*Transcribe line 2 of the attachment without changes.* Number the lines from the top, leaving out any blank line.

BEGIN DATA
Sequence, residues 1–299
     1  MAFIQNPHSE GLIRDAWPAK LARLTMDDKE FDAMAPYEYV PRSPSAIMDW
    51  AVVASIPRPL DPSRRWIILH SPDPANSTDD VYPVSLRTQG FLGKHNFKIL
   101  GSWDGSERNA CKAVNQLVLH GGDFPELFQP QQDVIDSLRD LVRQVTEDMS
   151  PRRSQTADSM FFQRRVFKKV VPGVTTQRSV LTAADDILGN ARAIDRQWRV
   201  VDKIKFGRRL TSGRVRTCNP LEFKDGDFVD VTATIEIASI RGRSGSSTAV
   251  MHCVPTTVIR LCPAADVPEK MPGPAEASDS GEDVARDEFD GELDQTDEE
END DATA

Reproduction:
     1  MAFIQNPHSE GLIRDAWPAK LARLTMDDKE FDAMAPYEYV PRSPSAIMDW